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The Role Of Organizational Commitment On Individual Characteristics That Influence Of Auditor Acceptance Of Dysfunctional Audit Behavior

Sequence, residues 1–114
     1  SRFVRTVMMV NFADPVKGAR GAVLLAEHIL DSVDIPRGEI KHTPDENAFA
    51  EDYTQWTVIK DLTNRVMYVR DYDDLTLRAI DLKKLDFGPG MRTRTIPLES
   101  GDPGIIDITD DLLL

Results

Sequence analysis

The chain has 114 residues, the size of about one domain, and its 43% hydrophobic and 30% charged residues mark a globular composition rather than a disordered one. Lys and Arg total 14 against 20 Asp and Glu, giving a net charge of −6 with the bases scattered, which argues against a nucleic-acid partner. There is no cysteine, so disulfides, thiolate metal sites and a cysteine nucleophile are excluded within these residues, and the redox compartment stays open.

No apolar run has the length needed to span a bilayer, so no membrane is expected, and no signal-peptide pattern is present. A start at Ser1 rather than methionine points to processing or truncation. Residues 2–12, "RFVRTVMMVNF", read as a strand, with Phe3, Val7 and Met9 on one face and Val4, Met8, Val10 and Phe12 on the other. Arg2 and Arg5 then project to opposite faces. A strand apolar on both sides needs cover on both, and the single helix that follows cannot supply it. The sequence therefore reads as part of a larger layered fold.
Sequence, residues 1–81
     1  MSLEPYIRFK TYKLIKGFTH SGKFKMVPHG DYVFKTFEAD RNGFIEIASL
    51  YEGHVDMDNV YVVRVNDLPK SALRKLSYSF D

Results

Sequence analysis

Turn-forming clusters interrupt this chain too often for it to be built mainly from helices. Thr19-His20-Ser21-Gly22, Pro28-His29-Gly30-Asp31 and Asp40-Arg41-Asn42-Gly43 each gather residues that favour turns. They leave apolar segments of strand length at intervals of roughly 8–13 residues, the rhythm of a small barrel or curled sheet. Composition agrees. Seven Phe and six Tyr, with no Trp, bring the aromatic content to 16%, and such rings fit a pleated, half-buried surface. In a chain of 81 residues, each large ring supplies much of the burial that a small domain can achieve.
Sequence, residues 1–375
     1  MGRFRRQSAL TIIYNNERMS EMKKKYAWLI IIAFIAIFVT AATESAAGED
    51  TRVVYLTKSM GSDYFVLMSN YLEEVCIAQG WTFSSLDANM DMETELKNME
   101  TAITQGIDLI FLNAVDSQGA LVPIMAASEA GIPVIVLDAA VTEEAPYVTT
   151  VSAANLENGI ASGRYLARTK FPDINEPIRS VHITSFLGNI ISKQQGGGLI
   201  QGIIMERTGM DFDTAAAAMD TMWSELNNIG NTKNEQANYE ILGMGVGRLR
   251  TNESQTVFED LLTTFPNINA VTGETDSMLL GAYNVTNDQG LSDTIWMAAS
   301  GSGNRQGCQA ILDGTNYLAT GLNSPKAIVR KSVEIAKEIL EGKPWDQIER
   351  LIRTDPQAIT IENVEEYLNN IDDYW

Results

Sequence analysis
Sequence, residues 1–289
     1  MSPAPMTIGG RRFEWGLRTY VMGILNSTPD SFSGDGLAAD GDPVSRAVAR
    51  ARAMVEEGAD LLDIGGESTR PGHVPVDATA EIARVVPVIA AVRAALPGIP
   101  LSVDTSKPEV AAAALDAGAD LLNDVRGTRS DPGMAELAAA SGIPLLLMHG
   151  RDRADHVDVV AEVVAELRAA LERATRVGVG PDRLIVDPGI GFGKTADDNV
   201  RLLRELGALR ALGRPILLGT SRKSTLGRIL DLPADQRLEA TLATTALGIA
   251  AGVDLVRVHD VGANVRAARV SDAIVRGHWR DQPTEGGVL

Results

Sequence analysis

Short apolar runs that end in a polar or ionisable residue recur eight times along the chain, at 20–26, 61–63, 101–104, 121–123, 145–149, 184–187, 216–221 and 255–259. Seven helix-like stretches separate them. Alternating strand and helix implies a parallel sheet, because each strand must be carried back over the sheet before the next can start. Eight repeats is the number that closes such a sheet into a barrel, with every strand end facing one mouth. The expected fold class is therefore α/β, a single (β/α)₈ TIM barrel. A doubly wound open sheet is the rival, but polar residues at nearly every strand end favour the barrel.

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  1. 1. Proceeding - Kuala Lumpur International Business, Economics and Law Conference Vol. 1. November 29 - 30, 2014. Hotel Putra, Kuala Lumpur, Malaysia. ISBN 978-967-11350-4-4 236 THE ROLE OF ORGANIZATIONAL COMMITMENT ON INDIVIDUAL CHARACTERISTICS THAT INFLUENCE OF AUDITOR ACCEPTANCE OF DYSFUNCTIONAL AUDIT BEHAVIOR Ceacilia Sri Mindarti Faculty of Economics and Business University of Stikubank, Semarang, Indonesia Email: ceaciliasrimindarti@gmail.com Elen Puspitasari Faculty of Economics and Business University of Stikubank, Semarang, Indonesia Email: elenmeiranto@yahoo.com ABSTRACT The purpose of this study is to analyze the organizational commitment that moderating effect on the individual characteristics, ie turnover intentions and the auditor performance toward the acceptance of dysfunctional audit behavior. The important issue that motivated this study is rampant various cases involving auditors. The important issue that motivated this study is rampant various cases involving auditors. The theory used in this research is attribution theory. The population in this study were the auditors who work in public accounting firm in Indonesia. Auditors who already have a working period at least one year as a criteria sample. Data obtained by questionnaire and analyzed using regression. The results showed that the characteristics of individuals which turnover intentions have a positive influence on the acceptance of dysfunctional audit behavior. While the auditors performance has a negative influence on the acceptance of dysfunctional audit behavior. The results of this study indicate that organizational commitment have a role as a moderating influence on the turmover intentions and auditor performance toward the acceptance of dysfunctional audit behavior. The results obtained from this study are expected to contribute to the development of the auditing literature, especially regarding the influence of individual characteristics on the performance of auditors which can be used as a reference in similar studies as well as an input for the firm in making policies to increase the performance of auditors. Keywords: organizational commitment, turnover intentions, performance, dysfunctional audit. INTRODUCTION An auditor has a very important role in providing assurance on the financial statements. The warranties stated in opinion, which presents the fairness of the client's financial statements. Auditor's opinion on the financial statements will be used as a reference by the users of the financial statements in making decisions. Opinion is not in accordance with the client's condition will be regarded as misleading information. In order to produce a reliable opinion, the auditor should have sufficient competent evidence and implementing all stages of the audit thoroughly. Auditors in doing their work should follow the auditing standards. The standards consist of general standards, standards of field work, reporting standards, and code of ethics accountant. Auditing standards are guidelines for auditors in carrying out their professional responsibilities. Those standards must be complied and applicable to all members and the public accountant, who works as an independent auditor (Arens and Loebbecke, 1995). Auditing standards as a guideline for auditors in performing their duties. Evidence from the field suggests that many auditors to deviate from the code of ethics and auditing standards (Irawati, Petronila, and Mukhlasin, 2005). Violations of the standards and audit procedures called dysfunctional audit behavior that may affect the audit could even lead to the failure of the audit (Donnelly, Quirin, and O'Bryan, 2003). Several researchers have attempted to examine the factors that influence the acceptance of dysfunctional audit behavior. Lightner, Adam, and Lightner (1982), with the expectancy theory found that some accountants have been doing under-reporting time, which proved to be significant. Under-reporting time is the time required to report to audit shorter than the real time. Rhode (1978) in Donnelly et al. (2003) reported that more than 50% of AICPA members confessed to sign off on an audit step, or conduct an audit of the quality standard below. The survey on senior auditor six large public accounting firms in Ireland also showed that eighty-nine percent of respondents reported make some form of audit quality reduction behaviors (eg premature sign off) and estimate that an average of 12.2 percent form deviations are reported total audit time with a shorter time than the actual time (Outley and Pierce, 1995).